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“This saying is hard; who can accept it?”(John 6:60)

Difficult Passages

   “How can you take these words seriously?” This question in the Gospel is actually a complaint about Jesus’ claim that he is food and drink, but it serves as a wry comment on the passage from Ephesians heard before the Gospel. Talk about words hard to endure!

Be subordinate to one another out of reverence for Christ. Wives should be subordinate to their husbands as to the Lord. For the husband is head of his wife just as Christ is head of the church, he himself the savior of the body. As the church is subordinate to Christ, so wives should be subordinate to their husbands in everything. Husbands, love your wives, even as Christ loved the church and handed himself over for her … husbands should love their wives as their own bodies.

  “Does it shake your faith?” It probably shakes many of us. Subordination and reverence, first of all, are not prominent nouns in our contemporary lexicon of privileged words.

There may be suggestions of male dominance in our second reading today, but this conclusion collapses from internal contradiction

More troublesome yet, “wives should be submissive to their husbands.” This sounds like fingernails on a blackboard. Feels like sandpaper on wounds. Tastes like abuse. Smells like patriarchy. Submission has been the problem. Why pose it as a solution?

Clearly there is a hierarchical context for Paul’s words to the Ephesians. Christ is compared to the husband, the church to the wife. The man is the head; the woman the body. This analogy has been acclaimed by some, who want to legitimate the privileged imaging of the male for Christ. But it has been roundly condemned by others, who see it as a devaluation of women. Both positions are worth examining, but what is the real theme of the Ephesians text? “Subordination” and “reverence” are its context. All the rest is application. We must all defer to and revere one another. Then Paul provides applications that may or may not be historically bound.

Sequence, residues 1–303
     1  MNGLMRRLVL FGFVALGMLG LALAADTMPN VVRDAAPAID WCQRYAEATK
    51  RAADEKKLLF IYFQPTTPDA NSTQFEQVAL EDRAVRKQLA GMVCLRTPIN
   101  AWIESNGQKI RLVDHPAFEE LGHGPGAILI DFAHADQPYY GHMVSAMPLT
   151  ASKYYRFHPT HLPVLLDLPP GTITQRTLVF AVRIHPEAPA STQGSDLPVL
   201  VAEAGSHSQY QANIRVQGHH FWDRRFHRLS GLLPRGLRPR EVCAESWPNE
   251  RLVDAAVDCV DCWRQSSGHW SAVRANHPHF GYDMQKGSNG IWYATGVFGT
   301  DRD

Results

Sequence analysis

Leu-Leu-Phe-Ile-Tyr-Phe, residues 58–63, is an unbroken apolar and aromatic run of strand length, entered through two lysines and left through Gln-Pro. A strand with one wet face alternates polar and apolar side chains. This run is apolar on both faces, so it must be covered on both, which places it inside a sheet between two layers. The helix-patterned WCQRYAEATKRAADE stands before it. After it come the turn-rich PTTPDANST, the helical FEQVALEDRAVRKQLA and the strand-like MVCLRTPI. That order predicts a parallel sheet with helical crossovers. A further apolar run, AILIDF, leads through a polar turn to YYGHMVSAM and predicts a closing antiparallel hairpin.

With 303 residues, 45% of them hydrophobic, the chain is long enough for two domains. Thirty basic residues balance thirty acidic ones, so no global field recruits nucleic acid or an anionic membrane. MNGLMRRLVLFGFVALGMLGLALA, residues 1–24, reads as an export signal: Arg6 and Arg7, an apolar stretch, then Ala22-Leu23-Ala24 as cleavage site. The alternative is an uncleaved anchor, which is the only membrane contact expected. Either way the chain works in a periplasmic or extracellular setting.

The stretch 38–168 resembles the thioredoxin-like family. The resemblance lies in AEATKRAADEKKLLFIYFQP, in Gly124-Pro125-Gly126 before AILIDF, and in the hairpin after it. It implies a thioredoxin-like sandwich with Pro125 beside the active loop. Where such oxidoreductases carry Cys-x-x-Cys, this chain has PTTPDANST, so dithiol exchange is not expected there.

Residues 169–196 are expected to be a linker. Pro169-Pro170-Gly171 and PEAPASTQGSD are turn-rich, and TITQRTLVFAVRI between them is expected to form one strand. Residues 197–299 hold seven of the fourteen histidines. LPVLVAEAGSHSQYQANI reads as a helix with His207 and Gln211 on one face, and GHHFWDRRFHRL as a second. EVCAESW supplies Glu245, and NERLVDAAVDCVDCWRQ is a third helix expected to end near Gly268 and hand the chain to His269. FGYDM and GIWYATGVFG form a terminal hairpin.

But it is subordination we have trouble with, “submission.” It sticks in the craw. Why should any of us have to submit to another or put someone else first? What is worse, Paul seems to commend obedience only to the woman. He tells the wives to be submissive. What about the men?

Well, what about them? This is what Paul says: Give yourself up for her. Love your spouse as your own body, your very self. If husbands were to hold such an attitude, it would subvert all dominance and hierarchy. Paul’s is a radical statement of equality, albeit in his own contemporary context. It is self-destroying to abuse, hurt, degrade the spouse.

The point is this: there may be suggestions of male dominance in our second reading today, but this conclusion collapses from internal contradiction. Both husband and wife are to put the other first.

What if this rankles us the most? The very idea that we must give ourselves to another, defer to another! If we love each other as we propose, we assuredly must die to ourselves. The first casualty of real commitment is the imperial ego we are so reluctant to tame.

  “Decide today whom you will serve.” In marriage, as in life, we serve not only each other, but our very God, who wants of us not slavery, but the free gift of our love.

John Kavanaugh, SJ
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Father Kavanaugh was a professor of Philosophy at St. Louis University in St. Louis. He reached many people during his lifetime.
The Word Encountered: Meditations on the Sunday Scriptures
Orbis Books, Maryknoll, New York (1996), pp. 96-98.
Art by Martin Erspamer, OSB
from Religious Clip Art for the Liturgical Year (A, B, and C). This art may be reproduced only by parishes who purchase the collection in book or CD-ROM form. For more information go
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